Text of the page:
The stock market's bull run is sputtering at midyear, with worries mounting that the woes of the U.S. housing sector are spilling into other areas of the economy and the financial markets.
The discovery of two car bombs in London on Friday also weighed on investors' mood as the first half of 2007 ended.
For the moment, however, sellers haven't done much damage to Wall Street overall: Despite a barrage of bad news in recent weeks, major market indexes are down just modestly from their recent highs.
Foreign markets, the stars of the year and the decade as well, also haven't surrendered much of their recent gains.
On Friday, the Dow Jones industrials went on a wild ride to end the first half: The blue-chip index rallied 100 points early in the session, then sank to a loss of 108 points on the news from London before rallying again at the close to finish with a decline of 13.66 points, or 0.1%, to 13,408.62.
In the second quarter the Dow surged 8.5%. It is up 7.6% for the half.
The broader Standard & Poor's 500 index, a benchmark for many investors' portfolios, rose 5.8% in the quarter and 6% in the half. It eased 2.36 points, or 0.2%, to 1,503.35 on Friday.
After a first-quarter swoon triggered in part by a brief pullback in red-hot Chinese stocks, markets worldwide soared in the second quarter. On Wall Street the heady gains from March through early June were rooted in the belief that the U.S. economy was bouncing back from a first-quarter lull.
But with that bounce came higher long-term interest rates, which began to unnerve investors early this month. The yield on the 10-year U.S. Treasury note, a benchmark for mortgage and other long-term rates, hit 5.3% on June 12, a five-year high and up from 4.7% at year's end.
And with the jump in rates came fears that the U.S. housing market would sink further, stoking more mortgage defaults by strapped homeowners. Those concerns deepened last week with the collapse of two Bear Stearns Cos. hedge funds that invested in high-risk bonds backed by sub-prime mortgages.
This week, Wall Street was chilled by the prospect of contagion. Suddenly, some buyout firms began to have trouble lining up cheap financing for takeover deals, as lenders balked.
"People are connecting the dots" of rising interest rates and how they can fuel trouble throughout the economy and markets, said Bernie Schaeffer, head of Schaeffer's Investment Research in Cincinnati.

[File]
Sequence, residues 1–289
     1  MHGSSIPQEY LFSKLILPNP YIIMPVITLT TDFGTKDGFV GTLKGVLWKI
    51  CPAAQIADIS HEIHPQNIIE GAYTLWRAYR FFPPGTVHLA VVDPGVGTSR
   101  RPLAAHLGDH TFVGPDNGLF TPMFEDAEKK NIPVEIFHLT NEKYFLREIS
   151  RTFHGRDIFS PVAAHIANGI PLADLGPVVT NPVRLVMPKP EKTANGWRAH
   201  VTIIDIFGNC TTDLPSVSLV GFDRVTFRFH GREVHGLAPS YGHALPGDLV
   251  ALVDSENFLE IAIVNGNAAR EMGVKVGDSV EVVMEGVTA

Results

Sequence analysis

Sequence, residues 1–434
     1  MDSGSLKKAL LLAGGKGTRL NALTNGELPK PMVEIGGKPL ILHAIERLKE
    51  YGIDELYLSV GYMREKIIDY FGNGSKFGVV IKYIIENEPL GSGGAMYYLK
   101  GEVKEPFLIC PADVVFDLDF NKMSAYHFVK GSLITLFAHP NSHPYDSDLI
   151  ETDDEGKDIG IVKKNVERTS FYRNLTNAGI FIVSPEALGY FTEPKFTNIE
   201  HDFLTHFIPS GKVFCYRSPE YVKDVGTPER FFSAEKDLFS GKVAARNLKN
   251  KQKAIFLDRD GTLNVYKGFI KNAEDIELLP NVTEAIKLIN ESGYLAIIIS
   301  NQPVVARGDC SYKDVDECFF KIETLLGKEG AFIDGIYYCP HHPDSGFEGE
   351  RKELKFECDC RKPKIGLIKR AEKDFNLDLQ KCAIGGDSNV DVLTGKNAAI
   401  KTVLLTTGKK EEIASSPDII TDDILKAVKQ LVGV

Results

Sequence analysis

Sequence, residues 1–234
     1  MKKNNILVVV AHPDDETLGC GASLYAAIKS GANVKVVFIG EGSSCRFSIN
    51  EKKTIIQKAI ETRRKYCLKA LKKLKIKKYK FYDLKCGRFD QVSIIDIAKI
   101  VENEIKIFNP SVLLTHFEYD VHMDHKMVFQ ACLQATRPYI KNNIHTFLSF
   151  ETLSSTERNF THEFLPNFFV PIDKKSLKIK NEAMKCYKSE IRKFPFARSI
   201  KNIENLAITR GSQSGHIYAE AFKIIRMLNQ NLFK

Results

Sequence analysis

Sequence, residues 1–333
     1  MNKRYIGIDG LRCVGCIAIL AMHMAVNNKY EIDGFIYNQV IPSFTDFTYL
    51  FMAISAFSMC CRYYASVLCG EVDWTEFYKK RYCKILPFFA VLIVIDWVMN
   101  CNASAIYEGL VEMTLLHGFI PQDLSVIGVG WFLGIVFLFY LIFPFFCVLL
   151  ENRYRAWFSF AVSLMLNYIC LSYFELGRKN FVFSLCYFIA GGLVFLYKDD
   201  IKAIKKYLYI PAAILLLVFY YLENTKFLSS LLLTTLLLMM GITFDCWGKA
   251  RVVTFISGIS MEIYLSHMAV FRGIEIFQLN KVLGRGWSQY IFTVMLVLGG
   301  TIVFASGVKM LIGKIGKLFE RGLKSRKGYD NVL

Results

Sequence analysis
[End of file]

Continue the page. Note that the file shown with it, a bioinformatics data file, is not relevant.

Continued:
The Federal Reserve, however, is maintaining its view that the economy is on a steady growth path. At their meeting Thursday, policymakers held their key short-term rate steady at 5.25% -- its level for the last year -- and said "the economy seems likely to continue to expand at a moderate pace over the coming quarters."
The Fed says its main concern is that inflation pressures won't abate. Stubbornly high oil prices aren't helping the inflation outlook: Near-term crude futures rose $1.11 to $70.68 a barrel Friday, the highest since August. Oil is up 16% year to date.
The silver lining for the stock market is that energy shares helped push key market indexes, including the S&P 500, to record highs in the first half.
Of the 10 major industry groups in the S&P index, energy was the best performer in the half, up 16.3%. Shares of oil-drilling services firm Schlumberger shot up 34.5%.
Yet investors bought stocks across the spectrum for much of the period, reflecting optimism about the economy, said Sam Stovall, investment strategist at S&P in New York.
The second-best-performing S&P 500 sector in the half was basic materials, which includes companies in such businesses as chemicals and mining. That group rose 15.5% in the period.
Technology stocks in the S&P index gained 9% in the half, extending a strong rebound that began in the second half of 2006.
The tech-dominated Nasdaq composite index, which slipped 5.14 points, or 0.2%, to 2,603.23 on Friday, was up 7.5% in the second quarter and 7.8% in the half.
Just one of the 10 S&P sectors was down in the half: Financial services stocks lost 2% in the period. Investors pulled away from interest-rate sensitive issues as long-term rates jumped. And Bear Stearns' hedge-fund troubles have hammered shares of many big brokerages in recent weeks. Merrill Lynch stock is down 10.2% year to date.
Still, the broader market has largely held its ground. Stovall noted that the S&P 500 index remains within 2.4% of its all-time closing high of 1,539.18 reached on June 4. In May, the index finally surpassed the peak it reached in 2000.
The Russell 2,000 index of small-company stocks, which lost 0.6% to 833.70 on Friday, is down 2.5% from its record high reached June 4.
And with economic growth in much of the rest of the world outpacing the U.S. this year, many foreign markets are again outperforming Wall Street. The German market surged 21.4% in the first half. Mexico's market gained 17.8%.
The average foreign stock mutual fund is up 11.6% this year, according to Morningstar Inc. The average U.S. fund is up 7.7%.